V I C T 0 H 1 A .




C ( ) M P O S I T I O N



(Vlief Inspector, Education Department ^ Victoria

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C () M I3 O 8 I T TON.


Chief Inspector) Education Department, I ictoria

£3y Authority:

ALBERT J. MULLETT, £549.—[1’kice 3d.]



C O X rr E X T s.


Introductory .. ..

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1.—First Stage—Getting the


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II.—Second Stage—Arranging

the Thoughts

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III.Third StageGiving the


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Summary .. .. .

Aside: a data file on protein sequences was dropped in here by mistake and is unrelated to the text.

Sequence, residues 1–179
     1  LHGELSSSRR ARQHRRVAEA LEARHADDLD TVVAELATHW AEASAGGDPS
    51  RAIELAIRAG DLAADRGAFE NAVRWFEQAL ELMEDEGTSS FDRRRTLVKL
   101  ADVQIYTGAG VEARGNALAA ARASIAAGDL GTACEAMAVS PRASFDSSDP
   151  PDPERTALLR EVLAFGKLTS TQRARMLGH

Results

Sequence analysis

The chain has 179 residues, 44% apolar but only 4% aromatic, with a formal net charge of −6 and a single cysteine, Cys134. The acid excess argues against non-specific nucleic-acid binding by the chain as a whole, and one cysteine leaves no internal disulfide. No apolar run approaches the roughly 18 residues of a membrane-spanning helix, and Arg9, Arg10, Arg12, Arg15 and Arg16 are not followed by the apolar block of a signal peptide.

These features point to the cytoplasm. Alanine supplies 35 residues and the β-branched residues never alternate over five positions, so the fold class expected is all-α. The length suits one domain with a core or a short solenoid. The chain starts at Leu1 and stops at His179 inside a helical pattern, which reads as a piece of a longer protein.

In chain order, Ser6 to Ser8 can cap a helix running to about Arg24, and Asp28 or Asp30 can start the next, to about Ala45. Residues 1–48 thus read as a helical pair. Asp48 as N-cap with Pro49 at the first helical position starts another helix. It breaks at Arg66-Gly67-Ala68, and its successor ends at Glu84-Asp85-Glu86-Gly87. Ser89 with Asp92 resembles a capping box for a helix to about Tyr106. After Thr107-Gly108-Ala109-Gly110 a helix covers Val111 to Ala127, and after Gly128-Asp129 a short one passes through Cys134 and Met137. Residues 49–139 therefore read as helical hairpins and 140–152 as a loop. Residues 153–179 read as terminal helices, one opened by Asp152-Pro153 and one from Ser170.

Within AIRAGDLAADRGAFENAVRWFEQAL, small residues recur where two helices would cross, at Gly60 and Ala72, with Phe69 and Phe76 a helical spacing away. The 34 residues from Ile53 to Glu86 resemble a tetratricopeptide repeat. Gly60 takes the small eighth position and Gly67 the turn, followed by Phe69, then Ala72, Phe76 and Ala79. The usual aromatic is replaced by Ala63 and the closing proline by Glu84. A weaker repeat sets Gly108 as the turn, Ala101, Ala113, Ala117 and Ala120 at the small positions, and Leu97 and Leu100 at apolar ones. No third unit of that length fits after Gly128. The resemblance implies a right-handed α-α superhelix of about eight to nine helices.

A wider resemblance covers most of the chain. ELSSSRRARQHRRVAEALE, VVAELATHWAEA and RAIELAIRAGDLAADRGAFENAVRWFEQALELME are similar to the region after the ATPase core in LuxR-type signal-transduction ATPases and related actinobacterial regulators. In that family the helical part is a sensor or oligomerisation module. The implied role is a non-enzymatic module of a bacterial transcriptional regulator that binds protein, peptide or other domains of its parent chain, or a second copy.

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Supplementary Remarks .

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If a child is to put thoughts together intelligibly, for this is what composition implies, the teacher has to see to three things:—

1.    That the child has thoughts on the subject. (No attempt at expression before there is proper impression.)

2.    That he is trained to arrange these thoughts in some systematic way, so that the composition shall have a proper beginning, a middle, and an end.

3.    That the thoughts, thus arranged, shall be expressed in good English.

These three requirements are summed up in the instruction:—“ The teacher’s aim should be to train children to get and to express thoughts accurately and naturally in clear statements, logically and effectively arranged.”

If these essential stages, namely, getting the thoughts, arranging the thoughts, giving the thoughts, are suitably worked through by the teacher, and in the above order, success must follow, the degree of success being, of course, in proportion to the teacher’s skill and resourcefulness.